It is a room of chairs.
Their thin spindles let the light through,
visually almost invisible,
easy to move about the room,
to reconfigure as people come and go,
with no sense of mass or weight,
always room for one more, one less,
a different sort of life,
one that allows for constant change,
ebb and flow,
never too much,
never too little,
a shape-shifting goldilocks kind of room.
You feel strangely at home here,
an older version of Alice in Wonderland,
never quite yourself,
never quite what others expect,
never quite fitting in,
at least not in the way you expected.
The world has not made room for you.
You are tolerated
as long as you re-arrange your furniture
in the proper way
in the proper time.
Your eyes soak in the room,
so airy and bright,
and settle into a chair.
There is no one here but you
and the woman you love,
and it matters not where the chairs are
as long as there are two together.
On my poetry blog, this poem is illustrated by a photograph taken at the Thomas Nelson House in Yorktown, Virginia, I love the colonial simplicity of the room, the lightness, and easy reconfiguration a room full of chairs offers. The fact that they are Windsor chairs, one of my passions, makes it even more wonderful.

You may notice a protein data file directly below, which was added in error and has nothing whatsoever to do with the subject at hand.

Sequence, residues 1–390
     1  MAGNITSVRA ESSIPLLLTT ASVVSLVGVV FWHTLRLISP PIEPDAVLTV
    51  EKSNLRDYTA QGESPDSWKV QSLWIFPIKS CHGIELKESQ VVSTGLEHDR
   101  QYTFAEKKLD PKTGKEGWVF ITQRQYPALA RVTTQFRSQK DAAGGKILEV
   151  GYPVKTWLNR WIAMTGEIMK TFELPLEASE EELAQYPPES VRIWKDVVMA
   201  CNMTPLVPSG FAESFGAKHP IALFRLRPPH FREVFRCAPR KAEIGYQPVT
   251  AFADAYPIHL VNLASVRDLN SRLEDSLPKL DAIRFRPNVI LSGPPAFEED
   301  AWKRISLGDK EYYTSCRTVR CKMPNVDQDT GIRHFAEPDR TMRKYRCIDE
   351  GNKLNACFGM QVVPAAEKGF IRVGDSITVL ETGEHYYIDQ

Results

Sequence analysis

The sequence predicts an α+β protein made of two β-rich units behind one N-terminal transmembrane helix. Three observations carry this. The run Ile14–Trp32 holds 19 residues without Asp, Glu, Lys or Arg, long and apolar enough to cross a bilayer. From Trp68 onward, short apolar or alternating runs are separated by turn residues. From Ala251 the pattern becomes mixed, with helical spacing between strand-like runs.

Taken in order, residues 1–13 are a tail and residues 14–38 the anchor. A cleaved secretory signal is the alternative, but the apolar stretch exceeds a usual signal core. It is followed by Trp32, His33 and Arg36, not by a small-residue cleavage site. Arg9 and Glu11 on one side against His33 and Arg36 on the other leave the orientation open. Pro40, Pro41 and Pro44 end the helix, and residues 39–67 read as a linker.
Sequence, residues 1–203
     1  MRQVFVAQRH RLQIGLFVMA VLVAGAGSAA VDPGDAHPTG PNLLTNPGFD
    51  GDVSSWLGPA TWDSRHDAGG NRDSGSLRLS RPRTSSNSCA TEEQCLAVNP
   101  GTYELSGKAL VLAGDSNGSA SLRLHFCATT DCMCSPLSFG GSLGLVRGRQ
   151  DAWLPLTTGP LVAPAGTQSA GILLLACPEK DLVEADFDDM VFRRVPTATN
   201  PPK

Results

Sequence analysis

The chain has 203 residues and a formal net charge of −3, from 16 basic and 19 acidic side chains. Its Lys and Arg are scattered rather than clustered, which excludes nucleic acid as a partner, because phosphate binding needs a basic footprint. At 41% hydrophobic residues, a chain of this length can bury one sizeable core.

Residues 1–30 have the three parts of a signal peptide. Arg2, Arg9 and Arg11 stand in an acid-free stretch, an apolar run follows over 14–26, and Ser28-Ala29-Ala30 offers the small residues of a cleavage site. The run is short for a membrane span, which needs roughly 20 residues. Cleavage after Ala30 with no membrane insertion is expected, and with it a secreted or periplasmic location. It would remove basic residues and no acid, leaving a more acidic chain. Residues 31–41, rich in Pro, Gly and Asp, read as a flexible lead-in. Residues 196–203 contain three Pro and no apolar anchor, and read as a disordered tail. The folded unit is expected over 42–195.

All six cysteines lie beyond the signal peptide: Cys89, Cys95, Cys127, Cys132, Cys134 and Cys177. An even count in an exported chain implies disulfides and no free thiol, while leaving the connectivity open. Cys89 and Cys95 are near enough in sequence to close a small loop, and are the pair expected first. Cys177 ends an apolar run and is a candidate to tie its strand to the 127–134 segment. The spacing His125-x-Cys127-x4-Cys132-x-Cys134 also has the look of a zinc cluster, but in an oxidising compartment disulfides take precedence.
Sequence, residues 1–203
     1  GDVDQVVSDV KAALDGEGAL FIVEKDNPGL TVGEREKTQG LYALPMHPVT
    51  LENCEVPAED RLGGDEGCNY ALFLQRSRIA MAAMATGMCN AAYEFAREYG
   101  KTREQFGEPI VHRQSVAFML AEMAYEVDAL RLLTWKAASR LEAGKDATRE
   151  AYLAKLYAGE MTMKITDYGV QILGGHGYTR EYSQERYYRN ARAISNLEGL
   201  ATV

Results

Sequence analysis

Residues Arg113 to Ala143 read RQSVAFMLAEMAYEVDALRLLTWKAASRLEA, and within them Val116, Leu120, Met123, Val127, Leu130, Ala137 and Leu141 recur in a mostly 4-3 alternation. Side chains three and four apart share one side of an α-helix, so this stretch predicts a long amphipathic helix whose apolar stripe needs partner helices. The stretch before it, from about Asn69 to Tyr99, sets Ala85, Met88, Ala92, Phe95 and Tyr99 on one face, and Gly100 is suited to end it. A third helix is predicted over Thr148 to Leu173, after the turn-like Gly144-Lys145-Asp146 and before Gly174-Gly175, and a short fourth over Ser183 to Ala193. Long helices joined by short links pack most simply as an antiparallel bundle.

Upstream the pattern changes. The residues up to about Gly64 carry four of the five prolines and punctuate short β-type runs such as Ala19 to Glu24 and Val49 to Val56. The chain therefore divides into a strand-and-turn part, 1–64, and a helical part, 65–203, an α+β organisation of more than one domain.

My wife and I were talking this morning. We had company last night and ended up going to bed without the broad stretch of time talking that is part of our day to day life. We both felt the loss of that time, a disconnectedness that is uncommon to us and to our relationship.
From those two things, this poem.